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Corrupt Raptor? Help!

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October 20, 2006 4:30:43 AM

Bought a Raptor 74G from Newegg... I couldn't resist the hype... I installed XP on it not once, not twice, but three times and it just doesn't reboot after I begin installing all my programs!? (a routine I've done MANY times w/out problems) Installation of XP was faster, not as fast as others made it seem... The little blue bar (when loading windows) goes by 4-5 times... while my sataII drive was 3.5... (others post it only passes once)->Which mine did the first few boots... Then:

Windows could not start because the following file is missing or corrupt:
\Windows\System32\config\system

It did this each time I installed different programs so it wasn't any certain one... plus after the 3rd install of XP some programs wouldn't even load!?
ANYONE?? HELP!! Should I RMA it? Refund? Will a good raptor be worth it? I ran it through a check/scan disk and it came up fine? SMART shows spin up time value as 2300 or something!? HHEEEEEEEELLLPPPPP!!!!

More about : corrupt raptor

October 20, 2006 5:01:42 AM

Try replacing your cable, it could be probs with that or maybe check what jumper options you have. If you have a sata2 drive on a sata1 mb you have to jumper the drive to sata1.
October 20, 2006 5:12:57 AM

It's on a Gigabyte 965P-S3 (w/sataII)... I tried two different cables... not luck. I wouldn't think I'd need to mess with jumpers in my situation. It's passing all WD diagnostic checks... is there any way possible it's my Windows installation disk? (I've never had probs with it before though...)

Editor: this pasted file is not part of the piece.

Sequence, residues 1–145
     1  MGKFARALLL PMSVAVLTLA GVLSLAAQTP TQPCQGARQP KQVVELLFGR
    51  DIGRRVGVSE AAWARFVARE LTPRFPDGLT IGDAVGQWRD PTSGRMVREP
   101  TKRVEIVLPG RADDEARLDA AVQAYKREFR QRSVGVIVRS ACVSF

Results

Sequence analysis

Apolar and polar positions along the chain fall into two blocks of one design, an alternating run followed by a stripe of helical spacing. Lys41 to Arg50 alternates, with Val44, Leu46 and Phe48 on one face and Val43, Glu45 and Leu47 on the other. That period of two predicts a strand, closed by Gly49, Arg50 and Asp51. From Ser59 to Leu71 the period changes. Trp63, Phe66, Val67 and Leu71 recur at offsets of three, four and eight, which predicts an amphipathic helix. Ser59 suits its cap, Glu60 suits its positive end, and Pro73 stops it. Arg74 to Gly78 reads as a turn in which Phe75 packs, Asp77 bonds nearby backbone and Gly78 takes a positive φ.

?????????????????????????????? :cry:  $150 down the drain!!!
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October 20, 2006 5:17:41 AM

I've experienced this problem before but I just can't recall what I did to solve it. It may have been the RAM messing up and ruining the system or it could have been my power supply being too weak and fluctiating the power to the hdd.

Maybe try unplugging your dvd drive and any extra drives and having only your hdd powered on whichever power cable coming out of your powersupply. Also try another lead from your powersupply just incase one of your v rails is over burdened.
October 20, 2006 5:25:09 AM

I'll have to give that a try... Do Raptors need more power than regular drives? I've had two drives in there before w/no probs either... I'm running a Thermaltake 430W which is powering.... Conroe6300(stock clock)/SonyDVD-RW/WD250WKS/WD74Raptor/5 Fans/7600GT... My ram is Geil DDR2-800(stock clocks)... Thanks for the replies! I guess I have more troubleshooting ahead...

Oh, and I'm not sure how loud Raptors are supposed to be, but sometimes during benchmarking/testing it gets crazy loud! My other WD drive I can barely hear.
October 20, 2006 5:32:21 AM

A drive which spins faster takes more power than a slower spinning drive but not so much of a difference. Hopefully unplugging some extra stuff will be the answer, it looks like your 430w could be under strain from all that hardware.
October 23, 2006 9:25:34 AM

It is possible the MBR is messed up. You need to zero out the HD or first 30% where the MBR is located and then reinitiate. I use gdisk.exe.
October 23, 2006 10:13:57 AM

Download Western Digital's hard drive testing utilities from their website and test the drive.
a b G Storage